Conserving Politics or Conserving Nature?

Gallatin Range. Photo: Jeffrey St. Clair.

Imagine a world in which conservation decisions were based on ethics and aesthetics, that including the interdependence of all the earth’s organic and inorganic elements. Imagine a northern Greater Yellowstone Ecosystem in which the science of ecology, the science of conservation biology, were inextricable and uncompromising parts of those decisions. Imagine a Gallatin Range from Yellowstone to Bozeman that was conserved with those determinants being uncensored, freely circulated, and openly discussed and critiqued on all sides. Imagine an environmental movement that was united in, and guided by, such views.

The crucially interconnected earth and humanity are sorely in need of a tidal shift in which we adopt a courageous, eyes-wide-open look at the future. This would necessitate public conversations whose talking points are neither guided nor crafted by big money’s purchasing of what narrative and what information gets considered. We need to factor in many things, and their complex relationships.  These include so many ways that we have perilously degraded the earth and each other, and continue to do so, coupled with the economic, food production, and energy production systems that underlie and even necessitate these diminishments.

A crucial example of our complicities and failures in these regards is happening right now in Montana, in the rush to control public opinion and public understanding.  What is known as the Greater Yellowstone Ecosystem, as of yet one of the richest and most intact large ecosystems in the world, is facing ever increasing pressures by special interests. As the Custer Gallatin National Forest nears its recommendations for its Forest Plan that will be with us for many years to come, the Montana Wilderness Association, the Greater Yellowstone Coalition, and The Wilderness Society have all become part of a self-selected group, the Gallatin Forest Partnership, a group that has excluded conservation groups with alternative discourses, alternative understandings of the land. Indeed, excluded were conservation groups that relied both on biological sciences and on a Leopoldian land ethic, that is, an ethic which recognizes “that the individual is a member of a community of interdependent parts,” that we must consider what “is ethically and esthetically right as well as what is economically expedient,” and that “a thing is right when it tends to preserve the integrity, stability, and beauty of the biotic community. It is wrong when it tends otherwise.”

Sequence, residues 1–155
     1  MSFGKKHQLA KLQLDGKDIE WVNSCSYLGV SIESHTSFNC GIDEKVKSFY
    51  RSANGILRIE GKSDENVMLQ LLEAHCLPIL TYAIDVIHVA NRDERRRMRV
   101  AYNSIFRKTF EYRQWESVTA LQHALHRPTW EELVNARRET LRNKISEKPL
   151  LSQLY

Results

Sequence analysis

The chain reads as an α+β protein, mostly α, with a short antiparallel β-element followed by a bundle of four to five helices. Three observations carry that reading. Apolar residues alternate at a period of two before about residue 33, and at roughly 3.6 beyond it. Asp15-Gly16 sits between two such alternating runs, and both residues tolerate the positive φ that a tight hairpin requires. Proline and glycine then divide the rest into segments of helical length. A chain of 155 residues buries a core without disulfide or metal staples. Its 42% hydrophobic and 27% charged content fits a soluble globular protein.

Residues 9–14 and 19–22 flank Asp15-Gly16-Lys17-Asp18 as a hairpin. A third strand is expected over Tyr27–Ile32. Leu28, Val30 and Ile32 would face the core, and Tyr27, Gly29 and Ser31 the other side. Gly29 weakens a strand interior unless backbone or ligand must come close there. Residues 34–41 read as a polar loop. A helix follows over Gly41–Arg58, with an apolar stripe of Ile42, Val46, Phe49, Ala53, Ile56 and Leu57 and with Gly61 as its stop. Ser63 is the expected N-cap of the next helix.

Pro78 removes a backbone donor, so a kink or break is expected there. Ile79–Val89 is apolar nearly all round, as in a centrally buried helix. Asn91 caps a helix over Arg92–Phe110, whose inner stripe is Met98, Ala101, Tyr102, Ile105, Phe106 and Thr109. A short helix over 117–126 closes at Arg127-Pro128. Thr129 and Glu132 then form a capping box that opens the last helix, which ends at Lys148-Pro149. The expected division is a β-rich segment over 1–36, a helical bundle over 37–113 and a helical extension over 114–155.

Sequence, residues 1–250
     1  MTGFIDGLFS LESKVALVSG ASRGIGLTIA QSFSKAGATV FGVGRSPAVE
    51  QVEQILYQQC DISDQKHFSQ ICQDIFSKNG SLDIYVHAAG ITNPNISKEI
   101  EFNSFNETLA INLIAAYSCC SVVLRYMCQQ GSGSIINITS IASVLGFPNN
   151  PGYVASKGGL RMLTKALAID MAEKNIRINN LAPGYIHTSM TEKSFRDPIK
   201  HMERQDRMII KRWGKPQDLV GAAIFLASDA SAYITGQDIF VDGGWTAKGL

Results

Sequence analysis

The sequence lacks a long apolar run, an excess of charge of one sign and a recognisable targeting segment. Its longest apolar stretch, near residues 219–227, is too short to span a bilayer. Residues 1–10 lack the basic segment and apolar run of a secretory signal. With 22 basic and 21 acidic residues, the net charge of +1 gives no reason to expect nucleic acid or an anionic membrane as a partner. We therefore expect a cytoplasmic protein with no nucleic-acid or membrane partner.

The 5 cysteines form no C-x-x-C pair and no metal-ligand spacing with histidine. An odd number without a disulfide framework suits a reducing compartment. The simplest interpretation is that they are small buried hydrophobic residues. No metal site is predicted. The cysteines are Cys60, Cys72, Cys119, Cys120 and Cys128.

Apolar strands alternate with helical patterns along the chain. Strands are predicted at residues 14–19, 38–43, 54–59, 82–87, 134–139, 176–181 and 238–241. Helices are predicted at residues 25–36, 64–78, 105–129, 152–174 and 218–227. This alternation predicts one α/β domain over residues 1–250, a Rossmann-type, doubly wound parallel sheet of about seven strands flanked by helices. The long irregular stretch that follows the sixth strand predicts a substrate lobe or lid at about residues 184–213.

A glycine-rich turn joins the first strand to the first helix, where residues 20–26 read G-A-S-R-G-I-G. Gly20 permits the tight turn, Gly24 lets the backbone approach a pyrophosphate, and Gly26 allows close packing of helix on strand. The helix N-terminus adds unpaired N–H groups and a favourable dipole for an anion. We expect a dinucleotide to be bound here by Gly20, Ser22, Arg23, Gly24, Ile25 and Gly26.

The GFP has a highly-funded public ad campaign aided by the very big-money budgets of MWA, TWS, and GYC; this, along with these groups’ reliance on their reputations gained by their historic accomplishments in the era before they all became part of big money’s myopic “non-profit industrial complex,” has allowed them to control what most conservation-minded Montanans reflect upon when they think of conservation planning.

Two of its most recent maneuvers are worth a look. MWA recently placed a Facebook ad for the Gallatin Forest Partnership, with the noble-sounding “Our community is our strength. That’s why we’re working together to protect the Gallatin Range,” with a link to an endorsement for the GFP’s proposal.  And Greater Yellowstone Coalition – which nominates itself as “America’s Voice for a Greater Yellowstone” – likewise mis-uses language, as well as data, when it falsely presents the following University of Montana Survey results as though the survey is unbiased in its structure, and as though it supports the GFP proposal when it really does nothing of the sort. In GYC’s words: